Distance error relative to the patch size Sensors 12 15638u8 Sensors 12 15638u2 is also calculated to show the magnitude of the distance error compared with the object size. The average distance error among the methods is shown in Table 2. We verify the matching test by using three sizes of the histogram, which are 25, 50 and 75 bins. For every bin's size, Poisson test results in the lowest average distance error, while correlation method performs the worst with the highest error for each size. Intersection, chi-square and Bhattacharyya test obtains almost similar error given the same histogram's size. The table also reveals that the error becomes smaller as the total number of bins increases except for the correlation method. The reason is that the distinguishing factor between two similar histograms is widened as the number of bin increases, which leads to more unique feature. Thus, the histogram matching tests have more probabilities of finding the right patch. However, there is no free lunch since the computational time increases as the number of bins increase. From our experience, 50 bins are the most suitable setup given the tradeoff between computational time and accuracy, since the algorithm improves by one percent only for an increment of 25 histogram's bin.

𝒟 = 𝒟 max { β w new , β h new } × 100 %

4.2. Deterministic and Probabilistic PBOD

This subsection is intended to prove that probabilistic PBOD performs better than deterministic PBOD. 120 image pairs are used to verify the performance difference. Again, Equation (44) is used to calculate the error distance of the centroid. Table 5 shows the comparison of error distance between probabilistic and deterministic PBOD. Probabilistic PBOD manages to obtain 48.33% detection with less than 10 pixels error while the deterministic approach manages only 42.50%. Mostly, probabilistic PBOD obtains a better result during illumination changes. Deterministic PBOD uses the hierarchical approach where RGB space is searched first and if the resultant output is within the accepted region, no HSV space will be searched. On the other hand, probabilistic PBOD searches both spaces in parallel, where the best output is selected. If deterministic PBOD obtains a reasonably good result in RGB space, it will not search HSV space where it might obtain better matching. Thus, statistical PBOD manages to obtain better matching in challenging scenes.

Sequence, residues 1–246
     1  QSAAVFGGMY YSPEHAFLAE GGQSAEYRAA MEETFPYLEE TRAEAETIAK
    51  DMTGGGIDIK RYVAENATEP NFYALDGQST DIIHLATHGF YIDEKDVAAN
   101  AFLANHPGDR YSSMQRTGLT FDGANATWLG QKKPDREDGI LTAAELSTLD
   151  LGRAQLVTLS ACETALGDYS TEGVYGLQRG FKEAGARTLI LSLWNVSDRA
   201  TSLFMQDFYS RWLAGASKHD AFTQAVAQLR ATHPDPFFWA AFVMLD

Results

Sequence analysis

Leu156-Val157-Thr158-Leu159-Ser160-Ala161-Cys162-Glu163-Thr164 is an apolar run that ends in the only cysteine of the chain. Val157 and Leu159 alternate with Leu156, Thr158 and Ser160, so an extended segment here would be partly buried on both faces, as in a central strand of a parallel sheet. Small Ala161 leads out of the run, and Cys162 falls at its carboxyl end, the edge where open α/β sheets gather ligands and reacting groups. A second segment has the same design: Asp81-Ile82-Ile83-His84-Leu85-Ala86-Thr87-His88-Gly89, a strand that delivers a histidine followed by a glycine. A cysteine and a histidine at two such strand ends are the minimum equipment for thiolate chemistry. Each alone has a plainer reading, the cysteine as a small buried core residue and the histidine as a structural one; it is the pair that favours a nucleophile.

Moreover, no error of more than 99 pixels has been observed for the probabilistic PBOD while there are nine image pairs for the deterministic PBOD. The average distance error relative to the output patch size is given in Table 6, which is derived via Equation (51). Figure 12 shows the cumulative distribution of the error between both methods. It shows that 50% of the detections for probabilistic PBOD have less than 11 pixels error distance, while deterministic PBOD requires at least 14 pixels error. Another reason for probabilistic PBOD better performance is due to Poisson modelling where we proved before that it performs the best for PBOD as compared with correlation matching in deterministic PBOD. Poisson matching performs better during a blur case because it does not punish severely neighbourhood shift in histogram's value. The procedures of position and size smoothing of probabilistic PBOD are in the sequential manner where the first step of the patch's direction is very crucial, while probabilistic PBOD calculates the whole search space first before going into any direction. The main downside of searching the whole possible space is longer computational time. Figure 13 is an example of performance difference between probabilistic and deterministic PBOD under sudden illumination change. Figure 14 shows that both PBOD schemes work well in detecting the tracked object even if the object appearance is very blurred.